1381128146_lalu– V.N. Balakrishna | October 07, 2013

Ahmedabad | A brief interesting interlude occurred in 2005 when Ranchi High Court was hearing RJD president Lalu Prasad’s fodder case being prosecuted by the then joint Director (East), CBI UN  Biswas. A boastful Lalu had asked Biswas rhetorically a day before his appearance at the court if the CBI had any evidence to prosecute him.

Next day in front of TV cameras rolling Biswas came to court bringing over 20 truckloads of documents. It could have made a good occasion for hilarity but for the magnitude of the crime never seen or heard before in this country. The very fact that the evidence comprised 20 truckloads can be sufficient to make one sit up and ponder to the extent of loot under the aegis of a chief minister who made most of his career trumpeting himself as savior of Dalits, Muslims and women.

In the massive Rs 950 crore fodder scam Lalu’s involvement was not limited to withdrawing Rs 37.7 crore fraudulently from the Chaibasa treasury.  He still faces judicial scrutiny involving two more embezzlement cases worth nearly Rs 143 crore. What became infamous as “chara ghotala” was brazen robbery involving false purchases of feed, medicine and equipment on a scale never seen before. It is hard to believe that among the fantastic expenses the Bihar mafia had shown in the books were Rs 15 lakh worth of mustard oil for polishing horns of buffaloes and pigs — yes, in Lalu’s Wonder Raj even pigs were sporting horns — and several crores for transporting cattle on oil tankers, police vans, autorickshaws and scooters — how scooters could carry cattle is still a subject of esoteric analysis.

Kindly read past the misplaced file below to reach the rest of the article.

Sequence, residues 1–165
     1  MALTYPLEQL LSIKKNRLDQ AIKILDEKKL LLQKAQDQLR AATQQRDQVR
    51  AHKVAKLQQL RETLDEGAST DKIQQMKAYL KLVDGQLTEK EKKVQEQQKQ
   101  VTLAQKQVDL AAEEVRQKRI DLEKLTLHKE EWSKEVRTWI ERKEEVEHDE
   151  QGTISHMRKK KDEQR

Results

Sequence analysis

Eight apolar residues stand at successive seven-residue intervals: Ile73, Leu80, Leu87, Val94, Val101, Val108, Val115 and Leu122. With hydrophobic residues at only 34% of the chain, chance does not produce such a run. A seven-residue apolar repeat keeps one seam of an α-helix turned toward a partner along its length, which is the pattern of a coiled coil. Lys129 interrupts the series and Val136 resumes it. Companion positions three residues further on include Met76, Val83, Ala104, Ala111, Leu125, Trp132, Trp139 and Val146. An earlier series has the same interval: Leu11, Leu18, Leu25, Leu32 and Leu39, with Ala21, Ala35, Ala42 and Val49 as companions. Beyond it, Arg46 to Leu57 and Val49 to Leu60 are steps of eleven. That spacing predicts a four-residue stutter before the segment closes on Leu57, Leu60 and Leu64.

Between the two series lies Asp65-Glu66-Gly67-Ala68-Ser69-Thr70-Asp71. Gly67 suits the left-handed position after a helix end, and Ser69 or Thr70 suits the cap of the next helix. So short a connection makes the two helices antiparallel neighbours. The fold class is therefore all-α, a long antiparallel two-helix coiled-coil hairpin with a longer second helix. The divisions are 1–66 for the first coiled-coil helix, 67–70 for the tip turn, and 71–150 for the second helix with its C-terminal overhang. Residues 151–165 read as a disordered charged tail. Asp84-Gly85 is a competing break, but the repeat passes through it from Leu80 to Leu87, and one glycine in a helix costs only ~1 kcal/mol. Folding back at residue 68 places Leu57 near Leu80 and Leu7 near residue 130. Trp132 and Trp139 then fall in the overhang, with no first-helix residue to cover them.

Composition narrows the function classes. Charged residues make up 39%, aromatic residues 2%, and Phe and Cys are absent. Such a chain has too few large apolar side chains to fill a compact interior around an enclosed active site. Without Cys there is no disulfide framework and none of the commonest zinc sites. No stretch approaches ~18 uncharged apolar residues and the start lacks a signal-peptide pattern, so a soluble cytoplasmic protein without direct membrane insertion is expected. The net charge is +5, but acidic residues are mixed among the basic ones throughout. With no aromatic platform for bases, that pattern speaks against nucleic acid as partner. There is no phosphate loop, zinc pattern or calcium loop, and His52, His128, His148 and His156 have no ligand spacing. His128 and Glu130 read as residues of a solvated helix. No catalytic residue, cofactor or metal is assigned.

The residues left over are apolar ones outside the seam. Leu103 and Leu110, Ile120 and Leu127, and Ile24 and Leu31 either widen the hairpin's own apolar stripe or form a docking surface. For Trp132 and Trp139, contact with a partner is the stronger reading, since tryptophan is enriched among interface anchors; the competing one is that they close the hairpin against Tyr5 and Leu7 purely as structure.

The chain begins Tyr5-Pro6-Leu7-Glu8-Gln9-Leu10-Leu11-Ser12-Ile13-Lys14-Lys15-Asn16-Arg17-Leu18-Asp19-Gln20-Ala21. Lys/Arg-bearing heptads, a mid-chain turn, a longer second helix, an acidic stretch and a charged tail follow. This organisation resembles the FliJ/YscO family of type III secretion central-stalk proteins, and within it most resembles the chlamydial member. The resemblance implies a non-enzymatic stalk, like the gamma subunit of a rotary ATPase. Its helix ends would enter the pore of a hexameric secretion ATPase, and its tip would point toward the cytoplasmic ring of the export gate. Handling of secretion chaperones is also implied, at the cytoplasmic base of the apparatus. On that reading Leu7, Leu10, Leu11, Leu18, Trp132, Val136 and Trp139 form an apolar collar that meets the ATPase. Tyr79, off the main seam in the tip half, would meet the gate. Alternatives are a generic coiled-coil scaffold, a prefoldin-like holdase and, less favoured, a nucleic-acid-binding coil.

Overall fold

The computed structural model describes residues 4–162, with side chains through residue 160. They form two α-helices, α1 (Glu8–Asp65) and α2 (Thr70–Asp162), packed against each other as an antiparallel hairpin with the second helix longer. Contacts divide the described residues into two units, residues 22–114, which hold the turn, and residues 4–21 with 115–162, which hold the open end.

Corruption in India is a major issue affecting the lackadaisical economy and in keeping poor entrenched in timeless poverty. Harassed Indians had given up hope seeing corrupt politicians brought to book. It was as if the Constitution protected them from harassment. There would have been barely a few odd optimists in the country who would have thought Lalu could be punished after 17 long years. Today Lalu with five-year jail term is also disqualified from contesting election for six years after his jail term ends.

The scam had its origins in small-scale embezzlement by some government employees submitting false expense reports, growing in magnitude until a full-fledged Bihar mafia took over. Jagannath Mishra, chief minister in mid-1970s, was one of the first to be accused while the Animal Husbandry scam rolled on for another 20 years even as Lalu came to power in 1990 before being ejected in 1997.

A man who could manipulate human emotions interestingly managed to turnaround Indian Railways finances and made bookworms from IIMs, Harvard and Wharton rushing in to study Lalu’s skills in bookkeeping. But the same skills proved infructuous when the court was no mood to take his mega scam lightly.

The verdict has not come a day too soon as the grim mood of the country is against damning corruption. Though astronomical sums have been stolen never to return to the exchequer yet the conviction is a landmark in India’s shady politics as it puts Corruption Mafia on notice as over 500 fodder scamsters have been punished.


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